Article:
18. We will be discussing with the Commissioner how this aim should be reflected in criteria, agreed between him and us, for determining whether complaints involving alleged misuse of stationery are dealt with by him under the rectification procedure, as distinct from being the subject of a report to us. When we have agreed these, we anticipate that the categories of case on which he will continue to report to us will include cases where there is clear evidence of an intention on the Member's part to breach the rules; there has been an evident failure by the Member to exercise good sense; there are significant sums of money at issue; there are new issues of practice or principle involved, on which the Commissioner wishes us to express a view; or where the Commissioner considers that the complaint could be dealt with under the rectification procedure, but the Member concerned does not agree with this.

Mr Foster's Annual Report

19. Mr Luff alleged that Mr Foster's annual report, which is reproduced at Appendix 4, breached the rules on publications funded from the IEP in three respects.[9] The Commissioner in his report, reflecting the view of the Department of Finance and Administration (DFA), considered that it did so only in respect of one of these,[10] the captions of three photographs that include explicit reference to the 'Labour Government', which Mr Terry Bird, Director of Operations in the DFA, considered had "strayed into party political comment".[11] Mr Bird told the Commissioner that DFA is minded as a result, following its usual practice in cases where it appears that inappropriate material has been included in an IEP-funded publication, to initiate recovery proceedings against Mr Foster in respect of the payment made from his IEP to cover the cost.

20. Mr Foster maintains that the references in the captions to 'the Labour Government' are factual and not party political either in intent or in nature.[12]

21. We accept that Mr Foster did not set out to break the rules prohibiting the inclusion of party political material in an IEP-funded publication and note that he accepts, with hindsight that "it would have been better to have let the Department of Finance and Administration see the text first to iron out any matters of interpretation".[13] We understand why the Commissioner concluded that, in respect of each of the three captions, the sentence which includes a reference to 'the Labour Government', may be seen as party political in character. We agree with the Commissioner that Mr Foster was not in breach of the rules in relation to the two other aspects complained of.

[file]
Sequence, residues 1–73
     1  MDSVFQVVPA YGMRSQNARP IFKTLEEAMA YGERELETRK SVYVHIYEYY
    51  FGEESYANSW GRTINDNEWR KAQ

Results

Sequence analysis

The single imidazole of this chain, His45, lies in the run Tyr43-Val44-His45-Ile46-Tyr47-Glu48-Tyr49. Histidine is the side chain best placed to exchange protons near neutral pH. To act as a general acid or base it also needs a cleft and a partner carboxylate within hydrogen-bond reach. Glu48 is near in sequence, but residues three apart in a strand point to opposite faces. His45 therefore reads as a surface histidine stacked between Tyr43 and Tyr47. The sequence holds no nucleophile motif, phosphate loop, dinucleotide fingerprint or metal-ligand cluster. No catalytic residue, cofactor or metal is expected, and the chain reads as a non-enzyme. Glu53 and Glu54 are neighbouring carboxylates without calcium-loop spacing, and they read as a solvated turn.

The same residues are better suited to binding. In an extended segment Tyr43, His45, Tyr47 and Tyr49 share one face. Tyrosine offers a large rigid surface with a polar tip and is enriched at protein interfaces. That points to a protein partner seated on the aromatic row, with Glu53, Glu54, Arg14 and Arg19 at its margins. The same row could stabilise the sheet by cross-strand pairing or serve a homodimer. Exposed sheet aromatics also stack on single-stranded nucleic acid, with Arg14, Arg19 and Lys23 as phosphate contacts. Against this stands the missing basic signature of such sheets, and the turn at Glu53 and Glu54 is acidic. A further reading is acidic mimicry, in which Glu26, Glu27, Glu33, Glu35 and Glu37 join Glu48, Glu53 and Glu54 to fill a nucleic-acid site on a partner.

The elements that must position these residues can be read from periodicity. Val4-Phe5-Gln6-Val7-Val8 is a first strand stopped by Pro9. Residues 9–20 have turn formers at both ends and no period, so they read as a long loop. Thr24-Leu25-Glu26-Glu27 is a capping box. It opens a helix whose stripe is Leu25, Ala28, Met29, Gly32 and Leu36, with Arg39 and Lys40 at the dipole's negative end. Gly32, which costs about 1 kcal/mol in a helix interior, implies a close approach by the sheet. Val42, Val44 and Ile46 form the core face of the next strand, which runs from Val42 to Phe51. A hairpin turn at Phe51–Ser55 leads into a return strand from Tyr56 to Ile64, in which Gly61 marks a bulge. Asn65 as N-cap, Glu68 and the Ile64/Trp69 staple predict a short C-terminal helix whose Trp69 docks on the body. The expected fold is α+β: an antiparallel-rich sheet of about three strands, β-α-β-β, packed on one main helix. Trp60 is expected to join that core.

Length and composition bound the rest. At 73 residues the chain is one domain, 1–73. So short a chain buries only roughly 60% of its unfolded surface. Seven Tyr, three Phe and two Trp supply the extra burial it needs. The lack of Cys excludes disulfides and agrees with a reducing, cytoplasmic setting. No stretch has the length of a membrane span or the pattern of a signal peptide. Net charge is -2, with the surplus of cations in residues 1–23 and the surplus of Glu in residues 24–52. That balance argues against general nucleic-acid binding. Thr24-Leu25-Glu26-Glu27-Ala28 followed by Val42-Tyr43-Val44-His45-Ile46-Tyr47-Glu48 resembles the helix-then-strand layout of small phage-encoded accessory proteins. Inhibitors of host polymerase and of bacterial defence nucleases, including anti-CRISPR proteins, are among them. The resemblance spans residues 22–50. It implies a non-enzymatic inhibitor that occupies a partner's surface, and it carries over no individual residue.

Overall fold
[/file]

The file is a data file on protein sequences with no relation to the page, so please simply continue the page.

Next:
22. In his evidence to the Commissioner, Mr Foster has drawn attention to a number of examples of other cases where both newsletters and websites include material which, if the subject of a complaint, might be adjudged to be party political in nature on the tests applied by the Commissioner and the DFA.[14] We do not therefore believe that it would be right for us to single Mr Foster out in this respect.

23. We are aware of a case in the last Parliament where our predecessors upheld a complaint in respect of inappropriate material in a part-IEP funded publication, and repayment of the IEP element ensued.[15] Whereas the current case might, at worst, stray over the border of what constitutes party political comment, it is clear from our predecessors' report that the previous case involved a clearer, more deliberate transgression.

24. There are clearly significant differences of interpretation amongst Members as to the acceptable limits of party-related material that can properly be included in IEP funded material. The three sentences in this report referring to 'the Labour Government' do not appear to be outside the range of Members' current practice. In these circumstances, we are not prepared to find Mr Foster in breach of the Code in this respect, nor do we consider that he should be required to repay the cost of his annual report.

25. These significant differences of view represent an unsatisfactory position from the perspective of those who have to enforce the rules, and need to be addressed. We intend to report further to the House on the general matter of publications funded from the IEP and will look at the scope for a tighter definition of permissible expenditure. In the meantime, we once again draw the attention of the House to the importance of ensuring high standards of propriety in the use of Parliamentary allowances, and reiterate Mr Speaker's advice in his introduction to the Green Book that Members should seek advice in cases of doubt.

1   P. 7. Back

2   P. 29. Back

3   The cost of such stationery is met from the House of Commons: Administration Vote, whereas Members' allowances fall to the House of Commons: Members' Vote. Back

4   WE9, p. 27. Back

5   Appendix 2, p 29. Back

6   See also Appendix 3, p 31. Back

7   Appendix 1, para. 52. Back

8   SO No. 150 (3) (b). Back

9   Appendix 1, para. 2. Back

10   Appendix 1, para. 48. Back

11   Appendix 1, para. 25. Back

12   WE9, p. 27. Back

13   WE9, p. 27. Back

14   WE7, p. 25 and WE9, p. 27. Back

15   First Report, Session 2004-05 (HC 71). Back